Saturday, April 23, 2011

News from the Vigil

I have good news.

Yesterday during the three hour meditation at church, I was reflecting on Jesus crying out to God from the cross.

My God, my God, why have you forsaken me?

Sadder words have never been spoken. A more anguished cry I could not imagine. And for years now I have tried to understand how it could be that Jesus would be forsaken.

Good Friday has been for me, in the past, a day to meditate on my sins. I bring them to the foot of the cross and spend three mostly agonizing hours contemplating that the weight of them is partly what brought Jesus to hang on the tree. In Triduums past, the heaviness of my sin and the depth of my grief over His death has lingered long past the Easter Sunday service. It was like Lent sprawled beyond it's 40 days and seeped into the Easter season. One year it was nearly Pentecost before I got to feel the resurrection in my heart.

So it was strange, then, in the midst of a Good Friday service, to suddenly feel a sense of overwhelming joy. And stranger still that the joy would come from the words of Christ's agony on the cross.

My God, my God, why have you forsaken me?

The joy was this: Jesus took upon himself the sins, hurts, anger and grief of the world. He carried these things with him onto the cross so that we could be forgiven, redeemed, set free. He became fully human in order to save us humans. And part of being human is to be forsaken by God. It is an integral part of the human experience. King David felt it. Job certainly felt it. Scripture is full of stories of men and women suffering because they feel forsaken by God. I can't explain why. I just know that there have been moments in my own life, even as a Christian, when I felt distant from God. Like he had slid far away, to a place where I could not follow.

A few years before becoming a Christian, a friend of mine died of a heroin overdose. I went to his funeral at a Catholic church in Providence. I was into the new age stuff at that point, and was having a hard time reconciling my grief for my friend's death with the sense that I was somehow supposed to feel peace knowing that he was in a better place. Imagine my relief, then, when the priest spoke of Jesus at Lazarus' graveside, weeping with Mary and Martha. Even Jesus, who understood that Lazarus was going to rise from the dead, was weeping in grief. My sweet Friend, whom I did not yet know, came to me in that darkened church and gave me permission to feel as grief stricken as I did.... no apologies, no trying to pretend I was too enlightened for grief. He sat with me and wept at the grave of my friend. Because Jesus was fully human, too... and cried right along with me.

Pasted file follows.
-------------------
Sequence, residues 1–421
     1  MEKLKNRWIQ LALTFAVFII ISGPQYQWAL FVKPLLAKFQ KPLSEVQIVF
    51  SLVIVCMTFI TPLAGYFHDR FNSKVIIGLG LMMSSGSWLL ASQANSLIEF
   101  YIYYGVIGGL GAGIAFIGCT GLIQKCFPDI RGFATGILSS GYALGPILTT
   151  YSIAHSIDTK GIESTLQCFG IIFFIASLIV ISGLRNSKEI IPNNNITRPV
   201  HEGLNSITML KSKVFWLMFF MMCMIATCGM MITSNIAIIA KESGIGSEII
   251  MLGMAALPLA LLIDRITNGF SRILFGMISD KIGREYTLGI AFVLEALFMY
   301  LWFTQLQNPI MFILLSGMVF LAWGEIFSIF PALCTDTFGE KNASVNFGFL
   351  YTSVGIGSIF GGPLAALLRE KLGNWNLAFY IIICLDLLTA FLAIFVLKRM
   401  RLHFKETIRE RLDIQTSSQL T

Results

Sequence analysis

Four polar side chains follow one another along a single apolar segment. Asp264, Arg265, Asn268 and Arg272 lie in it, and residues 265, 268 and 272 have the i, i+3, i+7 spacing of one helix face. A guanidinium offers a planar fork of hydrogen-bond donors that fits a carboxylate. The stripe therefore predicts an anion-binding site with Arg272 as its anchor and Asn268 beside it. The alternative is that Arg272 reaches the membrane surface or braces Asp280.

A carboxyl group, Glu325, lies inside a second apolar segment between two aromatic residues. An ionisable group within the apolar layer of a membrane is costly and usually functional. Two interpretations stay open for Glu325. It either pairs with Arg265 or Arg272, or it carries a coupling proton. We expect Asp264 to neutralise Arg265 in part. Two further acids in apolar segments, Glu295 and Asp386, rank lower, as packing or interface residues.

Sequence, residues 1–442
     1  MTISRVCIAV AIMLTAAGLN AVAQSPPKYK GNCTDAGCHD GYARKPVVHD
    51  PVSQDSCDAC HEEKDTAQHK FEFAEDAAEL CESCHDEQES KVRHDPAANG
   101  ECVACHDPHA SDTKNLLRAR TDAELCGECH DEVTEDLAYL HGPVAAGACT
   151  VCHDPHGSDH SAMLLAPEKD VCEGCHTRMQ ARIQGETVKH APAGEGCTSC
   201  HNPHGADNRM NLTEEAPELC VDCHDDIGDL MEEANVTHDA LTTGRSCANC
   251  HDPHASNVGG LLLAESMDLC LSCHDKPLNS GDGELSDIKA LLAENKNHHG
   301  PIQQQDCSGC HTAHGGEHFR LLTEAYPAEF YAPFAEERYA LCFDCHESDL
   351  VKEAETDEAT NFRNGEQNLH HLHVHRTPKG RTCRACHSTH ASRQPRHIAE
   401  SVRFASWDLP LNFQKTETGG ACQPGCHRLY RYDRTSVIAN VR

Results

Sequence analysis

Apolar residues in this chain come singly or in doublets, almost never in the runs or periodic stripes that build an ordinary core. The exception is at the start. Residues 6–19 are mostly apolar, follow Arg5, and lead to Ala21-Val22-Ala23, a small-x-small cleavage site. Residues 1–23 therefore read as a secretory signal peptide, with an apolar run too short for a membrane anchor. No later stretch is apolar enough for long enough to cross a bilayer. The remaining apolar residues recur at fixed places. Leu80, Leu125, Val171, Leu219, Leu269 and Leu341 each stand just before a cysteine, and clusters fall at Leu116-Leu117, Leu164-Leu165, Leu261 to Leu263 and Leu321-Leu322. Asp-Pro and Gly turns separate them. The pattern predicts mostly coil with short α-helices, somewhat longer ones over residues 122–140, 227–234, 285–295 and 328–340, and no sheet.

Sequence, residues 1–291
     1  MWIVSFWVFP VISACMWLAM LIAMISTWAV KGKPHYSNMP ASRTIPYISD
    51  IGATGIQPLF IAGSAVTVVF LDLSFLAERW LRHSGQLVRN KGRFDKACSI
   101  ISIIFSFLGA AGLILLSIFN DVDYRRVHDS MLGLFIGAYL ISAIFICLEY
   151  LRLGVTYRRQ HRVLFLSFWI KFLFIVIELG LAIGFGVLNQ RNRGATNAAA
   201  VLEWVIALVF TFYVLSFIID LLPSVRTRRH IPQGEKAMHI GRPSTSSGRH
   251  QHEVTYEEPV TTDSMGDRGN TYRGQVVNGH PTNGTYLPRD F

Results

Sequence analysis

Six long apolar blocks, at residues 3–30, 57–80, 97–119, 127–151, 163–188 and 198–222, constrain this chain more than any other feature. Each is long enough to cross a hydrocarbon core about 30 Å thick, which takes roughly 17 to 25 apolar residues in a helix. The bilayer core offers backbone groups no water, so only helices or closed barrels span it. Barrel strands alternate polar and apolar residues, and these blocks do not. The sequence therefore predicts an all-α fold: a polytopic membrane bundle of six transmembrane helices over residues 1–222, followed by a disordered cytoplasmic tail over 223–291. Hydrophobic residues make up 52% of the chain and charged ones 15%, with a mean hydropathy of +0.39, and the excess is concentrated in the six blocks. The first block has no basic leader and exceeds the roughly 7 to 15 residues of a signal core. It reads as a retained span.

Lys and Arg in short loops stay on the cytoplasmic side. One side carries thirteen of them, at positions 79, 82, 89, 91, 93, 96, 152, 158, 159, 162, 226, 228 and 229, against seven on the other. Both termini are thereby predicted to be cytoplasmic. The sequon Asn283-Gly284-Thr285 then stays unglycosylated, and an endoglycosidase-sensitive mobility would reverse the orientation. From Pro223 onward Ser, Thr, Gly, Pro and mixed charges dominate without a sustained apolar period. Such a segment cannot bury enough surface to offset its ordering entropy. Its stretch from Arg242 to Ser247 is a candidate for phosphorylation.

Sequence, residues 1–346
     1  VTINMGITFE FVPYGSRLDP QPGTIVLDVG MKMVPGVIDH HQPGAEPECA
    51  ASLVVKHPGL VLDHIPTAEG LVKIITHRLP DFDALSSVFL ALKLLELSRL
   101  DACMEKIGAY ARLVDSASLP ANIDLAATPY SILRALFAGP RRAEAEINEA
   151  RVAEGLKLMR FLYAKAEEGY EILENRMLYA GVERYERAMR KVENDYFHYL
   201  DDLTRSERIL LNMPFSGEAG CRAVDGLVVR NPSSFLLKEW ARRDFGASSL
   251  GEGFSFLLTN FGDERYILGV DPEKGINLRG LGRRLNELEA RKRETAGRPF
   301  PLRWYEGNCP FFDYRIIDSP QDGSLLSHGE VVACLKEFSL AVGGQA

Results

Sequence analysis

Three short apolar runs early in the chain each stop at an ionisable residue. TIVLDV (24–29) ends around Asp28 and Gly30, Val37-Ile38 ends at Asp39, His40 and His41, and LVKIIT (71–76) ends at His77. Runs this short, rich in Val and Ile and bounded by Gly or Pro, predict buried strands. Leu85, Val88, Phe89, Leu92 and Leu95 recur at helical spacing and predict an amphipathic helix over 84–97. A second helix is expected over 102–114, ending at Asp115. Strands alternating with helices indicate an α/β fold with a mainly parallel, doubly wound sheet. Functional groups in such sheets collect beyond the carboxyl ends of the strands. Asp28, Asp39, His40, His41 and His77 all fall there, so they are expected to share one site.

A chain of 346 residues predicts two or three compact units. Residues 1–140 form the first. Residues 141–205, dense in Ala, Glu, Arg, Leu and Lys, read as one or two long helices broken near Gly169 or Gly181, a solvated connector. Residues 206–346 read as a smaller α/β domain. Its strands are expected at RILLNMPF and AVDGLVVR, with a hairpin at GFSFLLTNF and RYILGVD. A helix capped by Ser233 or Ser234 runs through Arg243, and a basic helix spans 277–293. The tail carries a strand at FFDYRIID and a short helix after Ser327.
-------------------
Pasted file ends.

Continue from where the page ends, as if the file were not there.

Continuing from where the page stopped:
Last year when the flood destroyed Nguyen's business, I spent several weeks feeling like I was supposed to be handling the whole thing better. I am a Christian, after all. I know that God has a plan and that he can redeem even the most difficult situations. So why was I in such pain, such anger, such helplessness? I cried so much... all the while having to listen to some of my Christian friends tell me that God had a plan for all of it. Sometimes it didn't feel that way. And knowing it didn't seem to help. In fact, sometimes their words felt like hollow shortcuts through my fear and pain... a way for them to avoid the unpleasant reality of my suffering.

Yesterday in the church, as we contemplated the last words of Christ before his death, I suddenly understood that even our Lord felt forsaken while he suffered.

Let me repeat that.

Our Lord felt forsaken on the cross.

And because he was fully human and came to earth to redeem us, his experience means something. It means that no matter how separated from God we might feel in our moments of grief or loss or anger, we are not alone in that. Jesus is there with us. He is experiencing it right along with us.

Which means we are never actually alone.

So maybe next time something happens that causes me grief, I will rest a little easier knowing that Jesus is truly there with me.

My sweet, sweet Friend. Even in your agony, you draw close to us. Even in your pain, you give so generously. Thank you my Beloved. In your suffering, Lord, ours is redeemed. I praise you and worship and love you. Lord, you have taken on the sins of the world. Have mercy on us.

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